the Holy Evangelist of Almighty God, deposeth, that some time in the year 
1796, this deponent being then a resident at New Madrid, on the Missis* 
sippi, Mr. Thomas Power, then employed by the Spanish Government on a 
private agency, went up the Ohio as far as Cincinnati, as this deponent 
was told, and returned some time afterward to New Madrid, in quest of a 
sum of money, which was delivered to him by Dr. Thomas Portall, the then 
commandant of that post. That this deponent was informed by a Spanish 
officer, on whose veracity he had every reason to depend, that the said 
money was destined for General Wilkinson, who was in secret correspond- 
ence with the Spanish Government. That Mr. Thomas Power, in order to 
conceal the said money, which was, as far as this deponent can recollect, 
a sum of nine thousand dollars, or thereabouts, bought from this deponent 
some barrels of sugar and coffee, in the center of which the said money 
was packed up in small bags which were made for that purpose in this 
deponent's family. That after these preparations were gone through, Mr. 
T. Power set off on his way back to Cincinnati ; and that, on said Power's 
return from thence, this deponent was told that the said money had arrived 
safe, and had been delivered to General Wilkinson. And this deponent 
further saith, that shortly after the surrender of Louisiana to the United 
States, a rumor having circulated that General Wilkinson had shipped in 
the vessel in which he returned to the Atlantic States a large quantity of 
sugar, the price of which he had paid him in dollars lately coined, con- 
tained in bags not yet unsewed, and such as they are when sent from the 
Spanish mint, this deponent grew suspicious that it was again money paid 
by the Spanish treasury to General Wilkinson, and felt it his duty toward 



Digitized by 



Google 



432 THE BLENNERHASSETT PAPERS. 

the fortunes of that tyrant by a comparison with this 
urchin. I continue to take notes of his testimony to his 
own turpitude, which I shall not transcribe here, as they 
may be seen among my papers, by my friends. But it is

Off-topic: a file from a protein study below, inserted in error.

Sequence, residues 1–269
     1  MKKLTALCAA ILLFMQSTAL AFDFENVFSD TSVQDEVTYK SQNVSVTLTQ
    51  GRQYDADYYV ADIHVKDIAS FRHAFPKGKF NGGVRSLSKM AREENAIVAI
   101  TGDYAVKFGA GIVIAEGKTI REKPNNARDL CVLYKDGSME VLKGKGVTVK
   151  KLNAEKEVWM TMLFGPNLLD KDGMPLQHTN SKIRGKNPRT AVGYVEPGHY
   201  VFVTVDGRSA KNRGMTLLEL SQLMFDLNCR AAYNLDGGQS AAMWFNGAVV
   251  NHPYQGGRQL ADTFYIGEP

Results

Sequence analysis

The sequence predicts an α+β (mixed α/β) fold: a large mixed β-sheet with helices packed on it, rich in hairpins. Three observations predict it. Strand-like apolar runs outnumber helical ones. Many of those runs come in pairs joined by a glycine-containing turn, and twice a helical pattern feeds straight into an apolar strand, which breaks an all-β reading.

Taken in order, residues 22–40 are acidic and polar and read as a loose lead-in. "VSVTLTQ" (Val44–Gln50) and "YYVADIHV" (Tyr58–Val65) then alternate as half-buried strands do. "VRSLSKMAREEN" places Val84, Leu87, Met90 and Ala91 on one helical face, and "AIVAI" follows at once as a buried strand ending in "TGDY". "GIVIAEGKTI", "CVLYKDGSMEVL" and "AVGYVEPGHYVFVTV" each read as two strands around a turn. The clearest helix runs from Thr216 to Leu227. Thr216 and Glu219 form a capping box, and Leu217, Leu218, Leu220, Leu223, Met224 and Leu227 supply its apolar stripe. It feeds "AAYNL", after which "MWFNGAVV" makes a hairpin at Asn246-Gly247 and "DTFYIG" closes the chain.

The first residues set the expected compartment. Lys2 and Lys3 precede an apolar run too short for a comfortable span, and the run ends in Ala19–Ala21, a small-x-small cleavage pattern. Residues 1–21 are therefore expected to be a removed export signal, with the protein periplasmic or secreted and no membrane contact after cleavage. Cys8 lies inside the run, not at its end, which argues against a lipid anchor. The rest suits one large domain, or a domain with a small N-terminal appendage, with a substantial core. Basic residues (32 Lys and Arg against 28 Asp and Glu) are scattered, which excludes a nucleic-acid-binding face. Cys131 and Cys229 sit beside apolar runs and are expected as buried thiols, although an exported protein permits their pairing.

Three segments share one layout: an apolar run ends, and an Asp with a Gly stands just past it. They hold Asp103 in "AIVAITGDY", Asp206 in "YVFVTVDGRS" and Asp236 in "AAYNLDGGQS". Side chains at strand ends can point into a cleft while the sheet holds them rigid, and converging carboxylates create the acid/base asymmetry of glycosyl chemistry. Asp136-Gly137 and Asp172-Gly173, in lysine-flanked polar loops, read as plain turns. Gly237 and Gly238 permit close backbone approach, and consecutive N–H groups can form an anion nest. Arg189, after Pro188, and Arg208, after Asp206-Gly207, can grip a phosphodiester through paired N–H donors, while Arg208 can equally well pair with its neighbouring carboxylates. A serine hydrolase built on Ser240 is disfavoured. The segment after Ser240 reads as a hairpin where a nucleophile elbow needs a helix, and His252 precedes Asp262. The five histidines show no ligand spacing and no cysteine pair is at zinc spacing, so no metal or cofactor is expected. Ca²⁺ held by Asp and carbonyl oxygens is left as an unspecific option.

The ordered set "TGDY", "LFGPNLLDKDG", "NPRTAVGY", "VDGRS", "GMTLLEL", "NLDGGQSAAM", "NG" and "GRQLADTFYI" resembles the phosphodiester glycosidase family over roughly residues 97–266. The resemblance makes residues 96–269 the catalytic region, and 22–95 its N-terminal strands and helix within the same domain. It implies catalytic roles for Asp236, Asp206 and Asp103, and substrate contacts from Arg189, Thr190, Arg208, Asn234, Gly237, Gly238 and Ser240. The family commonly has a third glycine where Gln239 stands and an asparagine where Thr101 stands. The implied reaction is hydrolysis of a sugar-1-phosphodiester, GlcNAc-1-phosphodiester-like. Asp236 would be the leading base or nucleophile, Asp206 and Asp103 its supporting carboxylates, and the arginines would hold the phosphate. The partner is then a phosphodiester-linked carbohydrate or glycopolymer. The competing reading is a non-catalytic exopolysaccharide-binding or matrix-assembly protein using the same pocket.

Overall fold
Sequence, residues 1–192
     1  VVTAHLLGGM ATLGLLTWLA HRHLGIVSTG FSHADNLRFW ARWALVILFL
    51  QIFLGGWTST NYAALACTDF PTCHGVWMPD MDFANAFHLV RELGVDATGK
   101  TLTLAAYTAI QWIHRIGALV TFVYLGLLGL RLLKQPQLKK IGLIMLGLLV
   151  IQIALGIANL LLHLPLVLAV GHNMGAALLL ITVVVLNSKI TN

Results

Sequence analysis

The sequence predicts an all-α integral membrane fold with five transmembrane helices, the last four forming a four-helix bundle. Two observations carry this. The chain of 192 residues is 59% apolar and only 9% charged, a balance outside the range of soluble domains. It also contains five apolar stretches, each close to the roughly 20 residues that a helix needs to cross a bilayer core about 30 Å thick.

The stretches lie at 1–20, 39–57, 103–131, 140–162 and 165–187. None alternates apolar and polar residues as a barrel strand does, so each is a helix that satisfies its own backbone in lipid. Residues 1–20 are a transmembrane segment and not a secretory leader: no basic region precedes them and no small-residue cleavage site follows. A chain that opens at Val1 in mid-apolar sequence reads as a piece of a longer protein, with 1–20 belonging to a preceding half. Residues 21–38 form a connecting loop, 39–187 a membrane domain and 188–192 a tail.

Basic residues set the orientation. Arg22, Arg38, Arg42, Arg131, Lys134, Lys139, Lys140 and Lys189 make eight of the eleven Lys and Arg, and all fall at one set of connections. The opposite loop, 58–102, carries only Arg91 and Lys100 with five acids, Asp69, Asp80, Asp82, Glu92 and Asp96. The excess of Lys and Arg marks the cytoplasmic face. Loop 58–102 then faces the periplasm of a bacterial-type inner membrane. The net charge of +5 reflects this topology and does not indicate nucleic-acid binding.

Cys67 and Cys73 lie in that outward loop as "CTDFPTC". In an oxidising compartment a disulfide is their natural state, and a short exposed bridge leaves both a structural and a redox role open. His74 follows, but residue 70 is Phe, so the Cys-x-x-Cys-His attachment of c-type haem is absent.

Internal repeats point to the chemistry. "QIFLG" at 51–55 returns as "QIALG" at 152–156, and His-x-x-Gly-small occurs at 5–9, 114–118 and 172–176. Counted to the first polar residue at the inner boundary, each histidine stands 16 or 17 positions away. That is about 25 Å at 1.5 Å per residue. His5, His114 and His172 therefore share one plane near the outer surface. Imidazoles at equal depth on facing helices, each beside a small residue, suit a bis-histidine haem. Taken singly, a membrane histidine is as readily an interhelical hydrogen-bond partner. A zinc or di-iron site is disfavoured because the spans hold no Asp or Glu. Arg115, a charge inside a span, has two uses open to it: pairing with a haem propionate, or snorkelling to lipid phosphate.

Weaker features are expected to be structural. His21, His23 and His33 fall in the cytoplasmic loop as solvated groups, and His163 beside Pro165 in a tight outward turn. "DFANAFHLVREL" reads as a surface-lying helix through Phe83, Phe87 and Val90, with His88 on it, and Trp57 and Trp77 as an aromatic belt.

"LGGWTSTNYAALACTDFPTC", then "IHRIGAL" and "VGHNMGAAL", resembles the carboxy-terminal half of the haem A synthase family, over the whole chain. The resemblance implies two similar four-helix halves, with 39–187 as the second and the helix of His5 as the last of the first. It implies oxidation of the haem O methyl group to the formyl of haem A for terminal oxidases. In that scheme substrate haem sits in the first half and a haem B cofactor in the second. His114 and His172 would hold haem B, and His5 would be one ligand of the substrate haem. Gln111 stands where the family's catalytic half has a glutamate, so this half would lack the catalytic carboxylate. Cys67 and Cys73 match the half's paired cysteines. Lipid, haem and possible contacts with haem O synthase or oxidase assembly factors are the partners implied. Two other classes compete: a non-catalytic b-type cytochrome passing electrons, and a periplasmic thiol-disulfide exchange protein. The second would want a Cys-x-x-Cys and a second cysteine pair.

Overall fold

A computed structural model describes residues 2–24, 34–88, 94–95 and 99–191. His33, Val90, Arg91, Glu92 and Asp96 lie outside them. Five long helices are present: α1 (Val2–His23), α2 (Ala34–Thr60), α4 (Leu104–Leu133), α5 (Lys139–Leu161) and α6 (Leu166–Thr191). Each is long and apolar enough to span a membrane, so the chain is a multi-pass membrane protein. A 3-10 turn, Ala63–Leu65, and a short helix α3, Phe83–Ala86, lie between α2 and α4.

here I should observe, that the address of Wickham, in 
conducting the cross-examination to-day, was masterly 
and ingenious, not only in regard to the witness, but to 
the Administration which so embarrassed Hay, as well as 
the General, that it would be impossible to say which of 
them most heartily welcomed a sudden adjournment, in 



the Government, to whom he had of late sworn allegiance, to inform the 
Governor of this province of the facts to him known concerning the money 
sent up to General Wilkinson in 1796 ; that Governor Claiborne then re- 
quested this deponent to write to the President of the United States on the 
subject; that this deponent wrote accordingly to the President of the 
United States, and delivered his letter into the hands of Gov. Claiborne, 
after having shown him the contents, which he approved of; and that, as 
the said letter was not signed, this deponent, by the advice of Gov. Clai- 
borne, mentioned therein to the President that he might know the name 
of the writer from Gov. Claiborne himself, if he should wish it. 

And this deponent further swears, that in the winter of 1804 to 1806, 
this deponent being then at Washington City, in the capacity of a deputy 
from the inhabitants of Louisiana to Congress, jointly with Messrs. Dos- 
trehan and Sawis, he was introduced to Col. Burr, then Vice-President of 
the United States, by General Wilkinson, who strongly recommended to 
this deponent, and, as he believes, to his colleagues, to cultivate the ac- 
quaintance of Col. Burr, whom he used to call " the first gentleman in 
America;" telling them that he was a man of the most eminent talents, 
both as a politician and as a military character ; and this deponent further 
swears, that General Wilkinson told him, several times, that Col. Burr, so 
soon as his Vice-Presidency would be at an end, would go to Louisiana, 
where he had certain projects ; adding, that he was such a man as to suc- 
ceed in any thing he would undertake, and inviting this deponent to give 
him all the information in his power respecting that country ; which mys- 
terious hints appeared to this deponent very extraordinary, though he 
could not then understand them. P. Derbigkny. 

Sworn before me, at New Orleans, the 27th of August, 1807. 

Bon a my, Justice of the Peace. 



Digitized by 



Google 



SHORT-SIGHTEDNESS. 483 

which Hay hastily sought the only retreat that was left 
to his confusion. The Judge had hardly risen from the